For all of the pitchers the Nats have called up, there was only one LH so Williams’s ability to go match-up through extended innings is limited.

    If they manage to squeak into the playoffs, Rivero (95-99 mph) could be a weapon.

  3. veejh - Sep 5, 2015 at 1:51 PM

    I’ll give MW a pass for the day as he actually managed a game. Let’s see if he can back up that performance.

  4. Theophilus T.S. - Sep 5, 2015 at 1:58 PM

    Following the Mets/Harvey nonsense: no matter how gently they use him the remainder of the season there is no way he can carry them deep into the post-season (A) without hurting himself or (B) while pitching efficiently. Bumgardner pitched something like 45 post-season innings last year. Do the Mets really think Harvey can throw 230 innings coming off TJ surgery and a layoff of nearly a year-and-a half?

    If the Mets insist on pushing him through the regular season the rosie-glassed optimist in me says the result will be one skipped start and two lousy ones. DeGrom has had three bad-to-undistinguished starts in a row and no matter how many innings the Mets are expecting from him my sense is that he is running out of fuel. Syndergaard is probably nearing a for-real innings limit (and he tends to throw a lot of pitches). Matz doesn’t have much experience, let alone in a pennant race, Niese scares no one and Colon is over the hill (even if the Nats can’t hit him). Their pitching isn’t nearly as intimidating as some make it seem.

    • veejh - Sep 5, 2015 at 2:01 PM

      All signs point to their staff is running game out of gas. Only the uninformed casual fan thinks their staff is ironclad. If their bats regress to normal, we have a serious chance, especially if we catch fire, and there are signs that could very well happen.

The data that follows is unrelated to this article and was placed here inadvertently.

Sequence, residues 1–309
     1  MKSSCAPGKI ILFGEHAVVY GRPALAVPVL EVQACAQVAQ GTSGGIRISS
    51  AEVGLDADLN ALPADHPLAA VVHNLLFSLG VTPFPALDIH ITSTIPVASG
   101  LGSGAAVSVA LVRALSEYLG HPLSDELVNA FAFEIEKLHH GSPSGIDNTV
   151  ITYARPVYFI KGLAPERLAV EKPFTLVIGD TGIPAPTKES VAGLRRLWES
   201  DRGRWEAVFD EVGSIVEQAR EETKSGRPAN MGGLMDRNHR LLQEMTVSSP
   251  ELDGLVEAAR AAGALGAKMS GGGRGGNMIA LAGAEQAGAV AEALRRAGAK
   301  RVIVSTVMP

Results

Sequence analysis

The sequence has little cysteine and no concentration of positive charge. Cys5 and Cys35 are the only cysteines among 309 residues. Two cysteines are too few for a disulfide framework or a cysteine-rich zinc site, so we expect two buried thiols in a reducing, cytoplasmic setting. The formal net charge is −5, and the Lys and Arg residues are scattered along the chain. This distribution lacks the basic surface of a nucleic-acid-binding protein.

• virginiascopist - Sep 5, 2015 at 2:04 PM

      In addition, even with expanded rosters, their bullpen leaves a lot to be desired, which is a serious problem, seeing as their starters are not really going deep. Aside from Clippard and Familia, it’s quite a patchwork — and Terry Collins apparently does a terrible job managing it.

    • Nats Fan Zee - Sep 5, 2015 at 2:57 PM

      Mets and Terry Collins are experienced in blowing out arms. I agree with those that say their starting staff is running out of gas. We can pull this off but we will have to play almost flawlessly. Right now that means that Drew better stop effing around and start being the lights out guy we know he is … Especially since Matt Williams has finally woken up from his season long nap and is starting to make decisions that did not come from the “Washington Nationals Processes and Proceedure” handbook.

      • fstop1970 - Sep 7, 2015 at 1:57 AM